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Cool takes a hit in Jim Jarmusch's The Limits of Control

No Name on the Bullet

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How does being cool work? It seems pretty axiomatic to cite the old Louis Armstrong line, "If you have to ask, you'll never know." But since I've asked, let's say that, second, hipness is typically exuded by making things appear effortless: by seeming not to care, not screwing up — as the old deodorant commercial advised, never letting them see you sweat.

In film-world terms, hipsters don't come much hipper than Jim Jarmusch, the downtown NYC post-punk auteur of new wave indie classics like Stranger Than Paradise, Down By Law, Dead Man and Ghost Dog: The Way of the Samurai. Jarmusch, he of the gaunt Sid Vicious cheeks and towering white hair, is the very picture of the urban cool guy, and he populates his films with the likes of Johnny Depp, Tom Waits, Iggy Pop, Bill Murray and Tilda Swinton. Dead Man even featured the last screen appearance of Robert freakin' Mitchum. Bad ass!

Which brings us to The Limits of Control, Jarmusch's latest film. First off, this is kind of an old film, having been released in May. The fact that it is only now receiving its Nashville premiere should tell you something about its relative standing with certain segments of the arthouse audience and possibly its studio. I will say right off the bat that Limits is an extremely divisive Jarmusch film, one that even many of the director's longtime fans (a loyal bunch, and generally willing to bend their minds around the abstruse) rejected as pretentious twaddle.

They are dead wrong, though. Limits of Control happens to be one of Jarmusch's very best films. It is, however, deeply uncool.

It certainly looks cool on the surface. The film follows the itinerary of an unnamed agent or assassin (Jarmusch regular Isaach De Bankolé), listed in the credits only as Lone Man. He is on assignment in Barcelona, although he appears to speak no Spanish. He never smiles. He is a man of few words. He cuts a distinctive figure in his purple shirt and blue-gray, iridescent sharkskin suit. For movie buffs, Lone Man is an ice-cold blend of Lee Marvin's Walker in Point Blank and Portuguese avant-gardist Pedro Costa's human objet trouvé Ventura. He meets his contacts with a ritualized pass phrase ("¿Usted no habla español, verdad?"), gets his orders on tiny slips of paper which he then consumes, and always – always – demands not a double espresso, but two single espressos, in two separate cups.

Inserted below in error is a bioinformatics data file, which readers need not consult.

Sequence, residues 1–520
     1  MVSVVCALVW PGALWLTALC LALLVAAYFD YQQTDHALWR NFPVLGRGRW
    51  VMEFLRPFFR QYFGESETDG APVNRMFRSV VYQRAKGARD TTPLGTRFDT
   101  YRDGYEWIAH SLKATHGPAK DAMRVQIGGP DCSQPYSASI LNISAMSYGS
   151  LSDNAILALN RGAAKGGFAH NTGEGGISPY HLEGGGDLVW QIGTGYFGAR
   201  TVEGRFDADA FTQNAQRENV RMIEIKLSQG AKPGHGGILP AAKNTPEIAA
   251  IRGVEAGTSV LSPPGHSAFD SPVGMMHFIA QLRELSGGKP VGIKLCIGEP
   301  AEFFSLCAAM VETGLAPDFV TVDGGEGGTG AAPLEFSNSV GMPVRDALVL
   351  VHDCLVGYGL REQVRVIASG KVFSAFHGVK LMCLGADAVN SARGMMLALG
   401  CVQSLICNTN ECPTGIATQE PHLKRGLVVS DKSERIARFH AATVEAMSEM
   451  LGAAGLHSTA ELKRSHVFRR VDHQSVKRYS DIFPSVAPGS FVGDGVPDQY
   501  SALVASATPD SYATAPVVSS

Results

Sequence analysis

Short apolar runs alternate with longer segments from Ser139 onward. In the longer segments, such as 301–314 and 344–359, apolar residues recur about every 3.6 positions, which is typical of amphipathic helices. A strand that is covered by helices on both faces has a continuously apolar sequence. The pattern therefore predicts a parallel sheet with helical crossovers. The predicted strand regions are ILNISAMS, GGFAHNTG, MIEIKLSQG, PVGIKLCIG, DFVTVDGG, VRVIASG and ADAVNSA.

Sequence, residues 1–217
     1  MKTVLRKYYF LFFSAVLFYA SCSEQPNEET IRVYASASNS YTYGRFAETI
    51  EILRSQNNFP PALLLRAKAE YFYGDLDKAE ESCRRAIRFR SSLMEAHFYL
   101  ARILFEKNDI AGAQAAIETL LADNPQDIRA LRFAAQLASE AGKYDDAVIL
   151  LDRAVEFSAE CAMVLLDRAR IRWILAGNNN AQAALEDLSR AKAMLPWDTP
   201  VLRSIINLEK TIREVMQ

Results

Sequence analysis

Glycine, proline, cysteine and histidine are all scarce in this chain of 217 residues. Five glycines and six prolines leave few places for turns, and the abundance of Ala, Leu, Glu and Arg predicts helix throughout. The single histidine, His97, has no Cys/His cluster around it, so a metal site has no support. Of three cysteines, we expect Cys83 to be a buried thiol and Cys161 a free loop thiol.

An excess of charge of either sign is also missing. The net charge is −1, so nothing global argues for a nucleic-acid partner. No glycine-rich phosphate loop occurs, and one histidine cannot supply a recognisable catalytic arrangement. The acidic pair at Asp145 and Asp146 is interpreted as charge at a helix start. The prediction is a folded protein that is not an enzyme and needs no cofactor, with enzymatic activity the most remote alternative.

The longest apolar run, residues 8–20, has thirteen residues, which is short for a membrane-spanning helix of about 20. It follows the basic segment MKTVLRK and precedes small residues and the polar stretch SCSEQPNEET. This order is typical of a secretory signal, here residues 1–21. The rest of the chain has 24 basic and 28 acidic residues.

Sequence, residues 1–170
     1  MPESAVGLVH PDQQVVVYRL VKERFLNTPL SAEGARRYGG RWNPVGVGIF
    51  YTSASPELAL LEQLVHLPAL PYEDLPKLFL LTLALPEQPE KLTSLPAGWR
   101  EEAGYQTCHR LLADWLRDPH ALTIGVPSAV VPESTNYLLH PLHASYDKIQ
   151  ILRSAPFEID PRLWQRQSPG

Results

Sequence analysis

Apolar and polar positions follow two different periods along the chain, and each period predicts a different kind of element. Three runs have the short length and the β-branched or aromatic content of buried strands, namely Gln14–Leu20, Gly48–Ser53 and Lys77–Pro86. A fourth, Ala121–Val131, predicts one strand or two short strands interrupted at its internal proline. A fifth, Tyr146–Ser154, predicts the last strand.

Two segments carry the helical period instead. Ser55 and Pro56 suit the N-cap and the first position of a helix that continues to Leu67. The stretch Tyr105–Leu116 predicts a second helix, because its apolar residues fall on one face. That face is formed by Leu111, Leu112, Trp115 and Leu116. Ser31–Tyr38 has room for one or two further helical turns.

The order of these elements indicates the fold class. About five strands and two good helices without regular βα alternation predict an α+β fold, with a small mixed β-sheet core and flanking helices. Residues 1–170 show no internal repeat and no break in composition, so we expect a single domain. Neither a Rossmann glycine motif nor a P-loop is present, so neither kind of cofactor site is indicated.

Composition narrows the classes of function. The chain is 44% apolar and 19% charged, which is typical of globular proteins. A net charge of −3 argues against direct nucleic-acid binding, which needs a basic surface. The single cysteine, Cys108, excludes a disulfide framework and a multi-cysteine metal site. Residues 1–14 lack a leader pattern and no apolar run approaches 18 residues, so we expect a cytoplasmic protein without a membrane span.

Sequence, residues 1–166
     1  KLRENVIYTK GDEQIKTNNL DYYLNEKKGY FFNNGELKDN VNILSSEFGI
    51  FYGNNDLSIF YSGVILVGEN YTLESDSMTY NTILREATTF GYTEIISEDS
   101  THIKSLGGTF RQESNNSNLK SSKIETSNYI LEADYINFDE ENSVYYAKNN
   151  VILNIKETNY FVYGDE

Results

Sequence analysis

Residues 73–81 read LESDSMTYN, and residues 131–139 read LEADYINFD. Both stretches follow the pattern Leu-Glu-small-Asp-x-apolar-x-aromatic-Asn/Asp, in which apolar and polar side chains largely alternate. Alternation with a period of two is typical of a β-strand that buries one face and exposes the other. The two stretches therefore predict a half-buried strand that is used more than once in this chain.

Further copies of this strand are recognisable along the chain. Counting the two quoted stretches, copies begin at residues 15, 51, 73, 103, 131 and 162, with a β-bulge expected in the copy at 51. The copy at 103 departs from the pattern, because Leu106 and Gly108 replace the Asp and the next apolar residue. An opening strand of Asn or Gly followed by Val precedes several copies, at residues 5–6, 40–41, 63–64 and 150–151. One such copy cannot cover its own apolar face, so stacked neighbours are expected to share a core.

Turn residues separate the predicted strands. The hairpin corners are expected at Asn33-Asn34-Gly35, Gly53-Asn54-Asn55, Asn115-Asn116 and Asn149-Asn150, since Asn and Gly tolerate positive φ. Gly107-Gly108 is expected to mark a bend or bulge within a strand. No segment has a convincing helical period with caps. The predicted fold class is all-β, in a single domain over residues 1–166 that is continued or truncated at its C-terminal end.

Each of Lone Man's contacts delivers a brief monologue about some specified topic, beginning with the phrase, "You wouldn't happen to be interested in ___, by any chance?" And although Jarmusch offers his usual array of all-star hipster cameos, these scenes have been lambasted as pointless and ham-fisted by Control's harshest critics. But really, the problem is that they break "cool" down. They find Jarmusch offering variations on ideas concerning infinitude, uncertainty and multiplicity in the universe, as well as the power of art, all in rather frank and sometimes even corny ways. Tilda Swinton in a ridiculous wig and cowgirl get-up talks about old movies. John Hurt discusses the idea of "bohemia." Youki Kudoh talks about science and the rejuvenation of molecules. And so on.

By the end, all pretense of hip detachment has evaporated, as Lone Man achieves his final target. He breaks into the inner sanctum of some ill-defined Bush 43 operative (Bill Murray, channeling Cheney, Rumsfeld, or both). This, the film's only "action sequence," is a non-starter; it functions on a purely symbolic level, as does everything else in Jarmusch's film. Murray's character, listed only (a la George Clooney) as The American, may just represent the ugly side of America, trapped inside its own echo chamber and remaking its soundproof bunker of ideology wherever it goes. Nevertheless, when The American asks Lone Man, "How the fuck did you get in here?" the agent simply replies, "I used my imagination."

And so, much to the chagrin of so many of Jarmusch's acolytes, the artist has fallen into an unfashionable sincerity, practically illustrating his film's own title as a kind of hopeful proposition. We can control our own destiny by envisioning a different kind of world. How uncool is that?

Email arts@nashvillescene.com.

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